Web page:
At the start of the season, Michigan coach Erik Bakich had a feeling.

“I do like this group,” Bakich said. “I think this group has a lot of potential. On paper, at least, the pieces are there to have a special, magical type of season.”

Now, the No. 23 Michigan baseball team is validating that feeling. It has quality pitching and elite defense. A cohesive team chemistry and the drive to prove itself. It’s only missing one thing — a consistent offense.

Starting off the year in Florida, the bats looked red-hot, averaging nine runs per game over the three-game series, leaving Binghamton in the dust. The next week, The Wolverines’ bats showed the first signs of slowing down — averaging just over five runs per game as they rode their impressive pitching to comfortable victories.

In California, the problems were aired out for the whole country to see. Junior infielder Jordan Brewer and junior outfielder Jordan Nwogu were tied with Michigan’s highest batting average at just .285. The team eked out an average of just over three runs per game against the team’s toughest competition all year — USC, Oklahoma State and then No. 2 UCLA.

Beyond hitting, the Wolverines’ other offensive weaknesses were exposed. In the Dodgertown Classic, five times Michigan’s baserunners were caught stealing or put out. The team’s aggressive mindset was being pushed too far, it had crossed the fine line of positive mistakes it was treading earlier in the season — aggressive defensive plays and forcing opposition to make tough choices — to bad mistakes.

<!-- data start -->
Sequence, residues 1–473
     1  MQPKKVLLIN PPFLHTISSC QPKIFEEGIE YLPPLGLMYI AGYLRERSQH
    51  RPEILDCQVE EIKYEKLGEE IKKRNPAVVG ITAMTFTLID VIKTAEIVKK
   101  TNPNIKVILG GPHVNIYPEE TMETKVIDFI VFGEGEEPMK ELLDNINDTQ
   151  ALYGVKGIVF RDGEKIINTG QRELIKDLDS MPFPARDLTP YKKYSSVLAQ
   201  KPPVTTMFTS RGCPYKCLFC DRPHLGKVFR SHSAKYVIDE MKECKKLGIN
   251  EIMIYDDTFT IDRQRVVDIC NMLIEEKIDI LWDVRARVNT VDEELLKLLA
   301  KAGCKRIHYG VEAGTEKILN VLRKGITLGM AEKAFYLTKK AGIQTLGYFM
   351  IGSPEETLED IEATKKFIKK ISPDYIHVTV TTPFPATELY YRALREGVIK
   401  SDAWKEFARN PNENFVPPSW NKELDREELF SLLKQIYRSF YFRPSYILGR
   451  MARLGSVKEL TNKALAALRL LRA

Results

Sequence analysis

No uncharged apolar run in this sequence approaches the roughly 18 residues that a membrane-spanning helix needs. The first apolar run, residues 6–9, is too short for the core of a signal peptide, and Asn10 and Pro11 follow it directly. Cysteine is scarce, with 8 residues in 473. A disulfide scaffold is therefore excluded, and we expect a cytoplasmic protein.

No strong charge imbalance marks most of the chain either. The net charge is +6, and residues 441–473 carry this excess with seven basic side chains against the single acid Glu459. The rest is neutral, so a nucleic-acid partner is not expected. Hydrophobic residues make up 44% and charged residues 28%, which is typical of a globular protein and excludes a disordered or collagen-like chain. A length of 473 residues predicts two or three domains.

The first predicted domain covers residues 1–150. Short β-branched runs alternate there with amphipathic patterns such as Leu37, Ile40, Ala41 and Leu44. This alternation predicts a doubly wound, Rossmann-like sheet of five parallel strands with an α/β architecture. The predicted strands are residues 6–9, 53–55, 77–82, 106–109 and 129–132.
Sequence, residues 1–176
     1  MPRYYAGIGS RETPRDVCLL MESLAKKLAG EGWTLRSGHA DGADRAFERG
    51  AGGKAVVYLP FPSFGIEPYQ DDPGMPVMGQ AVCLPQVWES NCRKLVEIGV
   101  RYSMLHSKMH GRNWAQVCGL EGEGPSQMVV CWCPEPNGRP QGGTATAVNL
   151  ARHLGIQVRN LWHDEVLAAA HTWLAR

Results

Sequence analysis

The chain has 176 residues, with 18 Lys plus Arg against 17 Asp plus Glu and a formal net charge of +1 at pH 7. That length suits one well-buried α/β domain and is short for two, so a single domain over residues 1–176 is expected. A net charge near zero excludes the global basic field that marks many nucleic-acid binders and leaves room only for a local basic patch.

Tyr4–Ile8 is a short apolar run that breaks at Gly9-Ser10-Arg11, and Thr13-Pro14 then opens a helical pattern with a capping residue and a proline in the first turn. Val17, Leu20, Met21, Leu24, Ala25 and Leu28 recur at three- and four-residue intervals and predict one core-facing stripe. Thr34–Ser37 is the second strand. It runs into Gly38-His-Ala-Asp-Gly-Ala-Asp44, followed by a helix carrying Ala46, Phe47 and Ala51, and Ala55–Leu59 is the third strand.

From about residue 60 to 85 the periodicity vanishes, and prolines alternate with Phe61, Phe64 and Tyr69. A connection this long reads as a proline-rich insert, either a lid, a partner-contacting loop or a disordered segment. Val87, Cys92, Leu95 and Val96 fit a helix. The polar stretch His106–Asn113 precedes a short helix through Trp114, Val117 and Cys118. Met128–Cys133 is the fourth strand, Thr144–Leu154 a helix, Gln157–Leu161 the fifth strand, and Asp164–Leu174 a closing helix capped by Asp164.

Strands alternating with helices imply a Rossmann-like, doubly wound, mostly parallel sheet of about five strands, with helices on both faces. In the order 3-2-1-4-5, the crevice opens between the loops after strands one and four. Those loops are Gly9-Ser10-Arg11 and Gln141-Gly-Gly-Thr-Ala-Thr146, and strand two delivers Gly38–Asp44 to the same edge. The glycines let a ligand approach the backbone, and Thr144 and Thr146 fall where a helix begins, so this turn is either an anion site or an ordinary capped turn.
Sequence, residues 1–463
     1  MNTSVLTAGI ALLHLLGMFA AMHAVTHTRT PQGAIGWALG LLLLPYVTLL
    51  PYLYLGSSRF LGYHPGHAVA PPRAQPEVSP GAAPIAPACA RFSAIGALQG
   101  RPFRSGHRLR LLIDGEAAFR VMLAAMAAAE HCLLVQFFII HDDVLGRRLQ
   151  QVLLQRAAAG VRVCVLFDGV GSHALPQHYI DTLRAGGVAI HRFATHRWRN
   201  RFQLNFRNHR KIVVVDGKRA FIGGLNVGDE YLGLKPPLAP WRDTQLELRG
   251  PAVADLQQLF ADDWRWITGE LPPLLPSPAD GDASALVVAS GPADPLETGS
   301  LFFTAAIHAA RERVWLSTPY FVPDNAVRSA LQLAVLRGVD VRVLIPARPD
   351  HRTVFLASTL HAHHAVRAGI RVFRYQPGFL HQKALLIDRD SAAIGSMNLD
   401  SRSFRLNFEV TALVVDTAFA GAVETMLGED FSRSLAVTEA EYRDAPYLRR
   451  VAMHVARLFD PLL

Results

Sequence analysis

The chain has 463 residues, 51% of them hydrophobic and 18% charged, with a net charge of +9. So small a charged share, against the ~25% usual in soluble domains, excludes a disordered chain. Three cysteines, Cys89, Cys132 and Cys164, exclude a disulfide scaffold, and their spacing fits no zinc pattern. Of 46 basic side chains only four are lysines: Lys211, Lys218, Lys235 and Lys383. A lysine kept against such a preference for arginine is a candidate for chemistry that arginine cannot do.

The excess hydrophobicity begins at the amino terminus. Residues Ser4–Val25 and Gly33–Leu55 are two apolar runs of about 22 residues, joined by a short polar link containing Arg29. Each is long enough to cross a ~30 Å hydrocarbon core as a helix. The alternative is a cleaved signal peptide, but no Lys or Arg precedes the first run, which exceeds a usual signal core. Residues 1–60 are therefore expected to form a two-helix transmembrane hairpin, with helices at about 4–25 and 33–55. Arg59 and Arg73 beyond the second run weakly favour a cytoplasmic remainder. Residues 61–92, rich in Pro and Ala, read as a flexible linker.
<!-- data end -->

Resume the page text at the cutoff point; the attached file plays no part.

“We had a lot of outs on the bases from this trip,” Bakich said. “Whether it be caught stealing or pick-offs, those are very costly mistakes against really good teams. We can get away with it against lesser teams, you can’t get away with it against UCLA, USC, Oklahoma State, some of these west coast teams that are playing outside all year long”

The Wolverines’ 3-4 run over Spring Break sent them tumbling down most rankings. The only poll that kept them in the top 25 was Baseball America, dropping them to No. 23.

“All of the games were close because of our pitching and our defense in the losses,” Bakich said. “That’s how we’re built, and we are not even close to firing on all cylinders offensively.”

Bakich predicted an offensive storm following the trip, but not even the most optimistic fan could have predicted the onslaught to come on Michigan’s five-game homestand. With 50 runs, the Wolverines blew past their two opponents — Manhattan and Western Michigan.

But Michigan’s ability to score against struggling teams isn’t a question. The question is if it can keep a productive offense throughout the season against good teams — the same question that was asked last year.

After an awful start to 2018, the Wolverines went on a 20-game win streak that ended shortly before the postseason. Their offense couldn’t show up — only averaging two runs over the last six games — and they crashed out of the Big Ten Tournament after two games.

Bakich, though, has a feeling this year is different.

“It feels like a championship team,” Bakich said.

First, they’ll need to prove it.

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